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This web page briefly documents poslwj, a Perl script meeting the requirements of the National Scrabble Association for word judging (software self-lookup) software.
This documentation describes how to install poslwj for use with Apple's OS/X operating system. Other documentation may be written upon persistent request. Some reasonable fluency with system administration is expected of the reader.
First, download the script. Some browsers used to get confused about line break conventions with .pl files. If yours is one of those, then you might find it easier to download this identical copy of the script which pretends that it is a text file.
Then save it somewhere publicly accessible on your machine. We'll assume you save it as "/Applications/poslwj.pl", though on my own machine, it's "~/bin/poslwj".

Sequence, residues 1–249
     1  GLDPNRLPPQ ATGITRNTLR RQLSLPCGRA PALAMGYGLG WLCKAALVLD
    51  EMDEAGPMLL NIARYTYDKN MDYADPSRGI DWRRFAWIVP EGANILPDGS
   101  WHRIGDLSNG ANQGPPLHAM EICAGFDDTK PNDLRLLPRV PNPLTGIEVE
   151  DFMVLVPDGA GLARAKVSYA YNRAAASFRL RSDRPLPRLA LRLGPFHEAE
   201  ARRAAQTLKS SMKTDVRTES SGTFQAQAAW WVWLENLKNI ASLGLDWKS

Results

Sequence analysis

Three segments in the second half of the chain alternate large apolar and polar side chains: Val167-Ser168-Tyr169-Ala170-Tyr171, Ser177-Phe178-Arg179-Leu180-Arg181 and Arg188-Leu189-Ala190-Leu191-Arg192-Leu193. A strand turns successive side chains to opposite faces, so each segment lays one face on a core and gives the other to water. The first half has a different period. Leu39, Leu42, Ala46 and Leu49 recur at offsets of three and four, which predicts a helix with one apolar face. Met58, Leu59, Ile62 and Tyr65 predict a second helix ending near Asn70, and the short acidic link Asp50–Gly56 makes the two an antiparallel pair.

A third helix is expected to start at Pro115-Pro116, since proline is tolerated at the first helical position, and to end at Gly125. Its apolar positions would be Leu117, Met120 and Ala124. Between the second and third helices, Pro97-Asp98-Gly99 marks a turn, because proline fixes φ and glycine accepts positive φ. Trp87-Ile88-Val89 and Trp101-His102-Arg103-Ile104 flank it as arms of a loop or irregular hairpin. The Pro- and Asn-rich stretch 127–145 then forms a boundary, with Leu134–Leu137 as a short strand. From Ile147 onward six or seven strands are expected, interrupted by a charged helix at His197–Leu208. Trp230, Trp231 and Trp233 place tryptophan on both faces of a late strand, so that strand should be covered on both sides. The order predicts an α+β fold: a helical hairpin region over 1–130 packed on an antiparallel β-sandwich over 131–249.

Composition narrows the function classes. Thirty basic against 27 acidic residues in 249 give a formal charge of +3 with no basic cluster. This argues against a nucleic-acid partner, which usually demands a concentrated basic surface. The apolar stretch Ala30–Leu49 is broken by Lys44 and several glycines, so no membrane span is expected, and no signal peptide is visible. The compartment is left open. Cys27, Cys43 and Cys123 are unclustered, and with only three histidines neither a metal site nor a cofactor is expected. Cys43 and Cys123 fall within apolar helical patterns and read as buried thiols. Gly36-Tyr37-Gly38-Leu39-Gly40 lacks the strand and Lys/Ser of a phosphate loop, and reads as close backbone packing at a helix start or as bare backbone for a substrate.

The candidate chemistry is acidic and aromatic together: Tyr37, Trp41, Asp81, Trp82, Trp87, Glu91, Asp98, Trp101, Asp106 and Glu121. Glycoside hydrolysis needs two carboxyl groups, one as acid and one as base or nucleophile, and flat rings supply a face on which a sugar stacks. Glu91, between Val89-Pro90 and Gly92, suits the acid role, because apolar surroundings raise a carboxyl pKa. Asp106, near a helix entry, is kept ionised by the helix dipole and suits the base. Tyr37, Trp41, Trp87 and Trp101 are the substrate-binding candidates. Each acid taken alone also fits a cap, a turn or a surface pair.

For the sake of standalone robustness, we're going to try to make something as close to a "kiosk" environment as possible on your machine. Use the "Accounts" panel under "System Preferences" to create a new user whose "Limitations" are set to "Simple Finder", and specify that they are only allowed to use the "Terminal" application that should be in the "Utilities" subfolder of your "Applications" folder. We'll assume you call the account "poslwj"
Open up a Terminal window on an administrator account, and enter the following incantations:
chmod a+rx /Applications/poslwj.pl sudo chsh -s /Applications/poslwj.pl poslwj
which tells the system that (1) anyone can run poslwj.pl, and (2) whenever you log on as account "poslwj", the only thing you're allowed to run in the Terminal window is poslwj.pl.
To test it, log on as "poslwj", click on the "My Applications" folder in the Dock, run Terminal (which should be the only visible app), Fiddle with the Terminal Window Settings until you get maximum legibility. I recommend 40 columns, 20 rows, and around 30-point type. Turning off the buffer is a good idea too, to prevent people from scrolling back to see past challenges. Don't forget to save those as default settings.
See Installation, above. Or try running it and following the prompts. There is no way to quit the program, other than to close its window or quit Terminal.